When I was a student at Central High School, one of my agriculture teachers introduced our class to the forge. In those days, most ag shops and many farms had a small forge to make or repair various implements. I still remember how the metal glowed red hot after being heated and how it could be bent and shaped into useful tools.
Forges were also a common fixture throughout our nation’s early years as blacksmiths were called upon to shoe horses, make buggy rims, fashion hay hooks, and create many products necessary in rural America. Forges were vital in every community and the smiths who worked them not only needed strong muscles but skill and wisdom as well.
By the time I made it back to Central as an ag teacher, the forge had disappeared, but I continued to teach basic metalworking using other methods. I also took classes on field trips to see blacksmith demonstrations as well as more modern fabrication procedures.
I still remember Mr. Bob Moss heating the straight plain pieces of black metal in his Maurertown forge. He started out with a piece he had bought for a dime from the scrapyard. After heating, splitting, pounding, shaping, and polishing, he ended up with a product that was worth more than one hundred times its original value.
The process for the metal, however, I’m sure was quite stressful. After being heated to nearly 2,000 degrees Mr. Moss removed it from the fire only to pound it repeatedly with a heavy hammer. He split the end with a chisel and after numerous heatings and beatings, it emerged as a meat fork. With fire and a strong arm, he turned a piece of useless scrap into a valuable and beautiful product.
Until metal is heated, however, it remains unworkable. Conversely, if the smith gets distracted and forgets it, it becomes too hot and either disintegrates or surrenders its desirable qualities to the flames.
Imagine how stressed the metal must have felt throughout this process. Imagine it worrying that the smith had forgotten it and wondering how any good could possibly come from such pain. But all along the blacksmith had a plan and he kept working until he achieved it.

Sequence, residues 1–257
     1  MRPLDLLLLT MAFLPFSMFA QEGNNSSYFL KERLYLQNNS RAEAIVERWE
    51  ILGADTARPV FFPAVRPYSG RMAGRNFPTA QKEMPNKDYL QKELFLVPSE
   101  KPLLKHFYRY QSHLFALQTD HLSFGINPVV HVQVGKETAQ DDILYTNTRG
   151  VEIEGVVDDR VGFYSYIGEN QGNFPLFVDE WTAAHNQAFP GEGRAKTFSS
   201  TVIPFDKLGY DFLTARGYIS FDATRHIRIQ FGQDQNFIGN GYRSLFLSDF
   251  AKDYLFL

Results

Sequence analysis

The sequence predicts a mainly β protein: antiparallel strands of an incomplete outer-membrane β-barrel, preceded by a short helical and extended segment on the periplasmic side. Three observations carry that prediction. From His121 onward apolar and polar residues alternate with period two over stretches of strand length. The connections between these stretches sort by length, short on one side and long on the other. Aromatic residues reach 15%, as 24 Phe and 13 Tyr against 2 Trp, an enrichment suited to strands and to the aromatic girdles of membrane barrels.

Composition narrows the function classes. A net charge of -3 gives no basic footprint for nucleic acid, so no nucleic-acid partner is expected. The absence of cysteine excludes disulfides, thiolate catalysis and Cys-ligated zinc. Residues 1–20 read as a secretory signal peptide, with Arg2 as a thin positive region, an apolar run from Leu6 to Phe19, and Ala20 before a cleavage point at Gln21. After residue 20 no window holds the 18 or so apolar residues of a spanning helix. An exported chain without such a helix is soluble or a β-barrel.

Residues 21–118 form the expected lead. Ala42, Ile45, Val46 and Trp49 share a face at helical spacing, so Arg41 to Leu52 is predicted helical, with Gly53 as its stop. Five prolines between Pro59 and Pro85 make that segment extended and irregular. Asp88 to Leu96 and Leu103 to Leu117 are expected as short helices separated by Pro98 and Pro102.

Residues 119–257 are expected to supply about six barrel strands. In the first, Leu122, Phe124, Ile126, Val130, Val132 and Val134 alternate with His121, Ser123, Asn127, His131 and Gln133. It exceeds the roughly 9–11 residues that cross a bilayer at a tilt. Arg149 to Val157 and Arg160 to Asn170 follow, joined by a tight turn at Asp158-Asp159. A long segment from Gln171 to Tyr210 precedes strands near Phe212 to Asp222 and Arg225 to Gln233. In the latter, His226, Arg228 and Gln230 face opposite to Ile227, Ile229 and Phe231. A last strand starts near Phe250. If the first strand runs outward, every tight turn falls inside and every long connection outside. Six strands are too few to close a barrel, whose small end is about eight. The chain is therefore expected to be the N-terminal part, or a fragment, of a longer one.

As I watched this craftsman, I thought about God’s work on us. He rescues us from sin’s junkyard and begins shaping us to his liking. Like the smith, he has a desired outcome for each of us but it often requires the fires of adversity to force us to yield to his work. As we do, however, he fashions us into pieces not only of value and service but even exquisite beauty.
Sometimes we think he’s forgotten us and wonder what good our adversity could bring. A quick survey of Scripture and history, however, will remind us that God’s most useful servants went through the hottest fires. Job, Joseph, Moses, and Helen Keller are just a few. Paul wrote in Philippians that he considered it a privilege to suffer for Jesus. Jesus himself suffered more than any and emerged not only most useful but also most beautiful.
One other thing, Mr. Moss told us was that he leaves the hammer dents and forging marks on his pieces for they clearly demonstrate they were not mass-produced but each a unique handmade creation of the craftsman. Again, I thought about how Jesus’ scars beautified rather than defaced him and how the same is true with us. Our wounds demonstrate that no two of us are alike for the Master has formed us individually with distinctive characteristics for special tasks.
Unlike the lifeless metal, however, we have free will and can accept or reject the divine Blacksmith’s work. We can allow him to use adversity’s fires to mold and shape us to his will or we can become hard and bitter as Pharaoh did.
As we reflect on the blacksmith’s work, may we each submit to God’s will and allow him to fashion us into people that glorify him and bless others. Blessings, George